“Tech robs citizens of personal privacy with relentless surveillance and behavioural manipulation.”
The goal is to keep everyone online as long as possible, drown them with advertisements and influence the way they see the world and, more importantly, how they spend their money. There is some overlap between The Tyranny of Big Tech and The Age of Surveillance Capital by Shoshana Zuboff, as both excite outrage at where this Big Tech behemoth is taking us as a society.
Not admitting wrongdoing
The US Federal Trade Commission began investigating Facebook in 2011 over allegations that it took and then broadcast personal information customers had designated as private, while telling its customers just the opposite.
Facebook agreed to pay a hefty fine on this, only to find itself back in the firing line eight years later for violating the settlement terms – while continuing to hoover up customers’ personal, private data. This time it paid $5 billion for its misdeeds while formally refusing to admit any wrongdoing.
Facebook has inserted itself into the publishing arena without any of the legal liabilities, thanks to a clause (Section 230) in the Communications Decency Act which exempt Big Tech from liability for the posts of their readers, and allows them to moderate content without being considered publishers.
The tech oligarchs of today have become a toxic and divisive force in our economic bloodstream, shaping elections and influencing cultural leanings and preferences. Hawley cites numerous studies to buttress this claim.
Not what was promised
When Facebook was listed in 2012, it was billed as the IPO of the decade, its mission being to create a world more open and connected than ever in history.
What happened, says Hawley, was something quite different. Facebook and its Big Tech peers ushered in the age of addiction.
“Big Tech needed as many Americans online for as long as possible, all in order to extract their personal data and manipulate them into buying the wares of Big Tech’s advertisers.”
This was the business model of Facebook and Google, dressed up as a form of personal liberation and self-growth.
It was Hal Varian, an otherwise obscure economist at the University of California, who first seems to have tripped up on the gold mine staring Facebook and Google in the face: the ability to mass mine and analyse data.
A customer signs up for a Google account and Google surreptitiously slips a “cookie” – essentially a miniature tracking device – onto your computer, and thereafter tracks your every online move. Google lacked a way to make money from its search engine until Hal Varian showed up.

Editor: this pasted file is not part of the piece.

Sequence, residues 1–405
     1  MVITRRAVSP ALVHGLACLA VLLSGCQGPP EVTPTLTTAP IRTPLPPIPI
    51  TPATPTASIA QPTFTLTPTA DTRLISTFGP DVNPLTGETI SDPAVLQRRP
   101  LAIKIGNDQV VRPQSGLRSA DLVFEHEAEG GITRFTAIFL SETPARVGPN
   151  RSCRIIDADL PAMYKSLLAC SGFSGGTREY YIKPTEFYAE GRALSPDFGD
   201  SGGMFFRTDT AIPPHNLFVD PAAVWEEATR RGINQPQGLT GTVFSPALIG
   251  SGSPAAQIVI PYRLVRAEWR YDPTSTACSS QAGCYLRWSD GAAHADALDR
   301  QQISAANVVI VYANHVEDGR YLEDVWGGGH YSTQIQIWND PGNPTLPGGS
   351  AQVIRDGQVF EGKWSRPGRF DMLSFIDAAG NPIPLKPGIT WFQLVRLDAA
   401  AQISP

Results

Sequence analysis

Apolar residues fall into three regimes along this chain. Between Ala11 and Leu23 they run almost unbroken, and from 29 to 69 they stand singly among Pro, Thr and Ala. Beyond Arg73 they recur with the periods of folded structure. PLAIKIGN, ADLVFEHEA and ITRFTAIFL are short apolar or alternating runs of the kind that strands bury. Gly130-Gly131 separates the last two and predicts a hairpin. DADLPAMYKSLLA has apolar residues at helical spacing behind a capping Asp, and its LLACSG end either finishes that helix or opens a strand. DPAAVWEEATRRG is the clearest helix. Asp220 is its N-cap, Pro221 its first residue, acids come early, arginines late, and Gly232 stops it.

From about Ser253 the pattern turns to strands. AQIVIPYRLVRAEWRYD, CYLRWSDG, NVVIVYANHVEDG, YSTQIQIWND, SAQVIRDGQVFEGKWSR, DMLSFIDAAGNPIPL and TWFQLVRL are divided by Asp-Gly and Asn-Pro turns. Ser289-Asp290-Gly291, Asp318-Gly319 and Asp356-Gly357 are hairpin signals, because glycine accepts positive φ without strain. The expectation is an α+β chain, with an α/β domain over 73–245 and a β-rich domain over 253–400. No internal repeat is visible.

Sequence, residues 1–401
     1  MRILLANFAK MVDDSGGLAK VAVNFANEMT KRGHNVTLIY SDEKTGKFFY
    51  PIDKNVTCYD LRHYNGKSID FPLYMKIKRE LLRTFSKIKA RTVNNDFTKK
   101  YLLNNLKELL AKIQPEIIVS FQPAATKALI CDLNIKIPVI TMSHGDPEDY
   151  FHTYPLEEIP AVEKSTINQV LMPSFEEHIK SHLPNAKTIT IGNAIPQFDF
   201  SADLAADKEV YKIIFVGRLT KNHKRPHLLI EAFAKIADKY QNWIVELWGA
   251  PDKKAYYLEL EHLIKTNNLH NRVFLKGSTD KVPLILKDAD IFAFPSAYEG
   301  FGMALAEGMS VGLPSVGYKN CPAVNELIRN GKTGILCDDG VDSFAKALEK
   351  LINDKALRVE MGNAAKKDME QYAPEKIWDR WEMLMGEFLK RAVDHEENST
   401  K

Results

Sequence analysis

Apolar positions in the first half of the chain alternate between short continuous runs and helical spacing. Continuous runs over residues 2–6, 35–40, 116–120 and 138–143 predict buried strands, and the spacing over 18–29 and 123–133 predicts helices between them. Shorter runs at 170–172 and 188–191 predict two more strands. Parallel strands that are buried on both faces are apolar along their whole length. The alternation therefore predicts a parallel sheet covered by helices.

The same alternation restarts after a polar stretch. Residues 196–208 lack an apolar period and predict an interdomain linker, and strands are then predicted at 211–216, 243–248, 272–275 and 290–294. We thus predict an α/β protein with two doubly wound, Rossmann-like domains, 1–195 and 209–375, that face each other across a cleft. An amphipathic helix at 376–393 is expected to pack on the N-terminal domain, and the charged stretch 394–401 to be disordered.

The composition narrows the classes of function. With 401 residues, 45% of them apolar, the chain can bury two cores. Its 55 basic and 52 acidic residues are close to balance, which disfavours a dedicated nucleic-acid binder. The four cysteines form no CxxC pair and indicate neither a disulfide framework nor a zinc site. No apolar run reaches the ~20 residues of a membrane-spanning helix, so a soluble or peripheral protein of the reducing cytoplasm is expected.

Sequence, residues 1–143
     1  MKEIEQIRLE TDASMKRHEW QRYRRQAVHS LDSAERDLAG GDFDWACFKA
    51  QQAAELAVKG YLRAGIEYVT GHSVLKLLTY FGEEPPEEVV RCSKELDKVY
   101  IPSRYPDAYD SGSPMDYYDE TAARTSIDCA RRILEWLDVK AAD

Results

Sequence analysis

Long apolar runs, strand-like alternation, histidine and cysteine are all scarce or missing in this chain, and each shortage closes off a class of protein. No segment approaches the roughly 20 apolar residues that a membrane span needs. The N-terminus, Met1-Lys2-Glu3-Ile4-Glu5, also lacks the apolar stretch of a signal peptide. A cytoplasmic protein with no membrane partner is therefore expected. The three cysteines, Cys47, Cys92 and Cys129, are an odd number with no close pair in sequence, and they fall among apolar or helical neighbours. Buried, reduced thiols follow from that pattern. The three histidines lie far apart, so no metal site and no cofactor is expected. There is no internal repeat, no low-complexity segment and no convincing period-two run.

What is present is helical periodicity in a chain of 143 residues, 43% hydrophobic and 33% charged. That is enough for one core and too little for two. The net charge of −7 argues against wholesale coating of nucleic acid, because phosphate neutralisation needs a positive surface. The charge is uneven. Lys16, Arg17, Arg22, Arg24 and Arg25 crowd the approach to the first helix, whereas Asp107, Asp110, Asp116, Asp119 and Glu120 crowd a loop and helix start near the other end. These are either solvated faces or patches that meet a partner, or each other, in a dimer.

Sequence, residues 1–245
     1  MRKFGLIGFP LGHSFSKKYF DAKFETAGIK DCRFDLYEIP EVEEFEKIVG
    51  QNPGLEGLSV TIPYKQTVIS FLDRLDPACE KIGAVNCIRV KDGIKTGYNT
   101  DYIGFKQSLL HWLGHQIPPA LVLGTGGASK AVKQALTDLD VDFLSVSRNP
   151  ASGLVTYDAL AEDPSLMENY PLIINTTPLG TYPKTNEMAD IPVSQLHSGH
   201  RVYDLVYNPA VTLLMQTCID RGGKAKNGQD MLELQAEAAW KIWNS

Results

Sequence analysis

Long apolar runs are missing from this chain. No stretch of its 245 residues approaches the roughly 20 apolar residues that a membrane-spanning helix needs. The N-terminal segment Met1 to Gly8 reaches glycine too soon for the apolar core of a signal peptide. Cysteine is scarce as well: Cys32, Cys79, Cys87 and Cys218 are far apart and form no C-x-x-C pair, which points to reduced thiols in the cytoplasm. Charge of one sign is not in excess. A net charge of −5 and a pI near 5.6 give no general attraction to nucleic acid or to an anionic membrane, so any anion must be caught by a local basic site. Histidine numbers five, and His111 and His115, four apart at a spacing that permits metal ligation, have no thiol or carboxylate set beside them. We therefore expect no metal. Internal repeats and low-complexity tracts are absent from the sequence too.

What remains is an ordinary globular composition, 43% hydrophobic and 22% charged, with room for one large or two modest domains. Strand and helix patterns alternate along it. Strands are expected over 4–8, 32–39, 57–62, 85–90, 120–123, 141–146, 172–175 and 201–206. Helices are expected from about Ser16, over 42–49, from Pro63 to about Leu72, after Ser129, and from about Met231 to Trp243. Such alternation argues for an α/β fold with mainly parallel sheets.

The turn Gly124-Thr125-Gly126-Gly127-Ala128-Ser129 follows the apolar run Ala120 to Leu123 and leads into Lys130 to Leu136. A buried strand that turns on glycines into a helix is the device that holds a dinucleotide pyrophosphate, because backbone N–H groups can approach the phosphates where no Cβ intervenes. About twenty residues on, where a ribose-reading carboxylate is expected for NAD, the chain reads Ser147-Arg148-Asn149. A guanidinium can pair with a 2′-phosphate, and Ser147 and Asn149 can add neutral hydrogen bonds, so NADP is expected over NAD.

Having previously railed against excessive advertising on search engines, Google’s founders revisited their scruples and decided online advertising was the way of the future after all.
But nothing compares to the trove of information Facebook possesses on its users. In 2012, the company conducted a massive behavioural psychology experiment on 700 000 unwitting users to see if it could change how users were feeling.
It did this by tweaking the frequency with which users were hit with pleasant or unpleasant content. As one scholar noted: “We wanted to see if we could make you feel bad without you noticing. We succeeded.” This was the point at which the real power of Facebook’s Big Data became apparent.
Not for the better
Big Tech has changed human behaviour, and not always for the better. A 2014 study of phone users in the UK found owners checking their phones 221 times a day. This not only blunts users’ natural problem-solving capabilities, it also changes their offline behaviour.
Cases of child depression spiked, as did youth suicide, sometimes for as little as being “unfriended” on Facebook.
What’s to be done about Big Tech which has forced its users into “an ecosystem of addiction, exhibitionism and fear of missing out?”
Time to be spit-up
On the regulatory front, treat them as public utilities, break them up, and scatter them to the winds. Google should be forced to give up YouTube, Facebook should be forced to sell Instagram and WhatsApp, says Hawley.
Then remove their exemption from legal liability for censoring and harming content creators. Let them face the financial penalties of their actions as the lawsuits pile up.
Perhaps more important than all this is reclaiming the social square and re-engaging with family and friends outside of the tablet and the smartphone.
The anti-trust movement is already on the march against Big Tech in Australia, Poland and India. More will surely follow. In the meantime, there’s alternatives to Twitter (Gab), the Chrome browser (such as Brave, which is faster and does not track your online movements), and to Facebook (such as Clouthub).
A battle for the future of the world’s financial system is raging – and Ethereum, Cardano and Polkadot are in the ring. From Moneyweb.
Bitcoin hogged the headlines in the last week with its sprint past R700 000 on news that electric car company Tesla had invested $1.5 billion in the crypto, but a potentially more interesting story is playing out among three of the smaller cryptocurrencies – Ethereum, Cardano and Polkadot.
There is a battle playing out among the three over who gets to control what many perceive as the future global financial system – something known as ‘decentralised finance’ or DeFi.
Types of financial systems
A brief explainer here: the existing financial system is built around centralised control, such as banks, stock exchanges and insurers. These require intermediaries and brokers who add friction and costs to the system. These intermediaries squat in the middle of transactions for which they siphon off fees. And they’re often not quite as independent as they claim, so they end up selling you something you may not really need or want.